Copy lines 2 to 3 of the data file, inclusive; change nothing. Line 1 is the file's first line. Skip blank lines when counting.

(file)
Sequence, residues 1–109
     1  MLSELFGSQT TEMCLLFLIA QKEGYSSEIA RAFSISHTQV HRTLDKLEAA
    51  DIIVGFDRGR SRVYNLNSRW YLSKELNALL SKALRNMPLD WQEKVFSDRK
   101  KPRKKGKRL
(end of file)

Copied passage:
     1  MLSELFGSQT TEMCLLFLIA QKEGYSSEIA RAFSISHTQV HRTLDKLEAA
    51  DIIVGFDRGR SRVYNLNSRW YLSKELNALL SKALRNMPLD WQEKVFSDRK